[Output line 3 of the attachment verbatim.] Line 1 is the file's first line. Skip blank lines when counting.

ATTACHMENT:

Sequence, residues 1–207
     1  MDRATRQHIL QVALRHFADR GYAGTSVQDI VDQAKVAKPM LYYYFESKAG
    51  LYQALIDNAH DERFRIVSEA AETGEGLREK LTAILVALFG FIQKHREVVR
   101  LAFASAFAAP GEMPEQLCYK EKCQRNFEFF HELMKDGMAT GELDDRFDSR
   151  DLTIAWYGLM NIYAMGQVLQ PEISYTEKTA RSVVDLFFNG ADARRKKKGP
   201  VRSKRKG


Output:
    51  LYQALIDNAH DERFRIVSEA AETGEGLREK LTAILVALFG FIQKHREVVR